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South Africa’s ruling ANC set to lose majority in pivotal vote, early projection shows

Residents line up to cast ballots in the national election on May 29, 2024 in Matatiele, South Africa.

J. Countess | Getty Images News | Getty Images

South African’s governing African National Congress appears set to lose majority control in the country’s most seismic political transition since the end of the apartheid.

Early indications from 13.99% of polls show the ANC gaining 42.58% of support, with the Democratic Alliance wresting 25.82% of votes, and the Marxist Economic Freedom Fighters in tow with 8.47%.

Reuters reported that the country’s Council for Scientific and Industrial Research separately predicted that the ANC will gain roughly 42% of the national vote, off projections made when 8.5% of polling stations had recorded results.

Provisional results are still subject to change.

South Africa election most contested we've seen in 30 years, Chatham House says

The news may impact investors, after the ANC — the party of Nelson Mandela, emblematic of the struggle for liberation from white minority rule — centered its economic policy on inclusivity and lifting living standards for the disadvantaged. Despite these efforts, the World Bank in 2022 dubbed South Africa “the most unequal country in the world,” while systemic issues such as chronic blackouts, unemployment of almost 33% and high crime rates continue to haunt the country of over 62 million people.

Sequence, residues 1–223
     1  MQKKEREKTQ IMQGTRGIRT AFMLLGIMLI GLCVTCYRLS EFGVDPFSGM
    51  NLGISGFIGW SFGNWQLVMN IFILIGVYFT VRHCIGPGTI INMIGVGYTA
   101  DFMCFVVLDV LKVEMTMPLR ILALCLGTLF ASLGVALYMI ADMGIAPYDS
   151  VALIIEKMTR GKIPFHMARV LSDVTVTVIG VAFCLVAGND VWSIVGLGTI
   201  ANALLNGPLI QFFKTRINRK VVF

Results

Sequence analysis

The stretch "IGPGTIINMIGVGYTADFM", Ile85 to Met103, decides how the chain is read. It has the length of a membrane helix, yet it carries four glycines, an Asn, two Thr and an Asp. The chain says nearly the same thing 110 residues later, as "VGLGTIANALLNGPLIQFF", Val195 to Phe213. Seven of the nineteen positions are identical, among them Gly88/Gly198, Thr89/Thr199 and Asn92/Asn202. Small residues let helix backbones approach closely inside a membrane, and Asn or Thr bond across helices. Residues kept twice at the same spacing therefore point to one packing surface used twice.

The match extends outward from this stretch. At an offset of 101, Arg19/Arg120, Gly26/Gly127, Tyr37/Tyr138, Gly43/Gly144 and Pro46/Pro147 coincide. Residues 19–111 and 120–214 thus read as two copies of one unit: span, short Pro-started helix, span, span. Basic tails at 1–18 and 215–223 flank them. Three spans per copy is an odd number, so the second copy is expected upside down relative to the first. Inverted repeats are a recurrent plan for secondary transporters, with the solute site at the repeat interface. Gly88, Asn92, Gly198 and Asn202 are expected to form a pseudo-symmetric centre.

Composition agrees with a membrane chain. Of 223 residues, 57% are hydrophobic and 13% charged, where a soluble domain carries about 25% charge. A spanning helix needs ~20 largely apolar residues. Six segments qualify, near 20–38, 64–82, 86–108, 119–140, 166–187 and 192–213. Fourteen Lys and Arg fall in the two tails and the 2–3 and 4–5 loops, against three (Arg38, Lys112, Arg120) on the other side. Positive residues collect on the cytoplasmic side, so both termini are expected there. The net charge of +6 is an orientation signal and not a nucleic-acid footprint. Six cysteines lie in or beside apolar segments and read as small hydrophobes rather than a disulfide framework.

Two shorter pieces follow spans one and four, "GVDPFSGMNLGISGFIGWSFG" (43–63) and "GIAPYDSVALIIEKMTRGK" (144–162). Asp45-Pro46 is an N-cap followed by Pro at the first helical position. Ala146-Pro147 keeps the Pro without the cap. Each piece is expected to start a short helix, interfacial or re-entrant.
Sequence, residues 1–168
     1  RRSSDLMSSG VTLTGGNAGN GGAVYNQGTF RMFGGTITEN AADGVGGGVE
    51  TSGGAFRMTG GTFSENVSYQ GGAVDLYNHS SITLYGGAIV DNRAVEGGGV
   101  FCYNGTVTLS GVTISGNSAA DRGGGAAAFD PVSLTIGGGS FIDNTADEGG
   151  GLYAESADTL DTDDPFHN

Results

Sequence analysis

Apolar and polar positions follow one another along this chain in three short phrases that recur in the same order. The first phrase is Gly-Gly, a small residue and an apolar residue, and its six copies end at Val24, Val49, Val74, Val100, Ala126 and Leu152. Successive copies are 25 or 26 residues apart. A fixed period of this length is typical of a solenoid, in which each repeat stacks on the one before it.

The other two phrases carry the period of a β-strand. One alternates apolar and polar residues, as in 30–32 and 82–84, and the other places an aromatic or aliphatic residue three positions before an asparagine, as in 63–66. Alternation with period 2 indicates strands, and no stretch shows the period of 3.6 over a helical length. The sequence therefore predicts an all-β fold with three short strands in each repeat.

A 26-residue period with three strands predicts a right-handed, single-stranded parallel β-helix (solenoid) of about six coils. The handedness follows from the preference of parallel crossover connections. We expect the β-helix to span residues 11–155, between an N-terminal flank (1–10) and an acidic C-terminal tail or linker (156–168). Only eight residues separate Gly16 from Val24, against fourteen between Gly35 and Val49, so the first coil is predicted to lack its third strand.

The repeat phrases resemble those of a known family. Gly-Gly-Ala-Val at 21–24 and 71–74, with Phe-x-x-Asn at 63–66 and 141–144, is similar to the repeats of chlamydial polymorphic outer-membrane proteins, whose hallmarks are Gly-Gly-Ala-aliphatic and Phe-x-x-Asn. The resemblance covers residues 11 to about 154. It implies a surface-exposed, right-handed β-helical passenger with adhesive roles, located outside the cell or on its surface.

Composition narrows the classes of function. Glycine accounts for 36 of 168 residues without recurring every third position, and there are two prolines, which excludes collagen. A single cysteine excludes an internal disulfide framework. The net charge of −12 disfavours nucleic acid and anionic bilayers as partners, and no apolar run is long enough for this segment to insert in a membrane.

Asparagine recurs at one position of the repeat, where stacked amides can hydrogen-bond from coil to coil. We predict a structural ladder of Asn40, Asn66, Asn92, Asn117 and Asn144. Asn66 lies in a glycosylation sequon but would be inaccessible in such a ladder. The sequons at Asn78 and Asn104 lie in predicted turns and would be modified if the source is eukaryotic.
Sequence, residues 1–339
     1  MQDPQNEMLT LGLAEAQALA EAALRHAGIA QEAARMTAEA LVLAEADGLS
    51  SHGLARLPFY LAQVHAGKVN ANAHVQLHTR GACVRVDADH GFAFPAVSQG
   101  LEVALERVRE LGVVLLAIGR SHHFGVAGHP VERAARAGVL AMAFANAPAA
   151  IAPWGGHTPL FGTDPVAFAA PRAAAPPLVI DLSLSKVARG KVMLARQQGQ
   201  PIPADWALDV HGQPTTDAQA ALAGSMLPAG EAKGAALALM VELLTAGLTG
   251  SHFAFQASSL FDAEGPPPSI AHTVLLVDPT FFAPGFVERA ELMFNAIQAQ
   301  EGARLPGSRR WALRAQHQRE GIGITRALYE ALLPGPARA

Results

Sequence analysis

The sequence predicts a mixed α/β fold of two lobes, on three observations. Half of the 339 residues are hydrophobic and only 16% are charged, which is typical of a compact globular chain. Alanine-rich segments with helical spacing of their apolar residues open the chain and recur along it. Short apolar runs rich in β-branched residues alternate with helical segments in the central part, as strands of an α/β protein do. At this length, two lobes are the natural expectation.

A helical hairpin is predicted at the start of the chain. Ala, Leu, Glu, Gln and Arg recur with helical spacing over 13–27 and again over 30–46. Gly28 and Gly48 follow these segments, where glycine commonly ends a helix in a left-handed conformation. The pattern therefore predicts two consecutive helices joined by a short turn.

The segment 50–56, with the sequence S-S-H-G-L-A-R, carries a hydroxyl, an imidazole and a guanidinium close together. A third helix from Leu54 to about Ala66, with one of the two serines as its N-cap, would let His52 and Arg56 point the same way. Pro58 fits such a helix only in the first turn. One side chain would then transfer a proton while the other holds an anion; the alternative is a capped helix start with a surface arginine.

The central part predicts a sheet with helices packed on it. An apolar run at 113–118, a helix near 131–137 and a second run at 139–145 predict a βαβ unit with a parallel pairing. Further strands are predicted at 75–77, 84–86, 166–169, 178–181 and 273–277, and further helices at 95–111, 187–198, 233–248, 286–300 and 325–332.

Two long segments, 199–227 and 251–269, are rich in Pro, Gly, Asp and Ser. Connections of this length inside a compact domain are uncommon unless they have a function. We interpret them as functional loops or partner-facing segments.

The International Monetary Fund projects that South Africa’s gross domestic product will climb by 0.9% in 2024.

The ANC’s prominence has been on the decline, with Statista data showing the party clinched a majority of 57.5% in the previous vote of 2019 — its weakest result since the introduction of South Africa’s first democratic election in 1994.

“Under my leadership the ANC ran a formidable and clean campaign with our volunteers covering the length and breadth of our country. The democratic process is going to emerge victorious,” ANC leader and South Africa’s incumbent President Cyril Ramaphosa, 71, said Wednesday on social media.

Ramaphosa, who took the presidency’s mantle in 2018, helped found the National Union of Mineworkers in 1982 and led one of the largest strike actions in the country’s history. He seeks a second mandate, after surviving a scandal involving the theft of more than half a million U.S. dollars and being cleared of wrongdoing in 2023, according to the Associated Press.

The U.S. dollar was up 1.31% against the South African rand at 8:30 a.m. London time, following the report. The main Johannesburg stock index was down 1.8% on Thursday morning.

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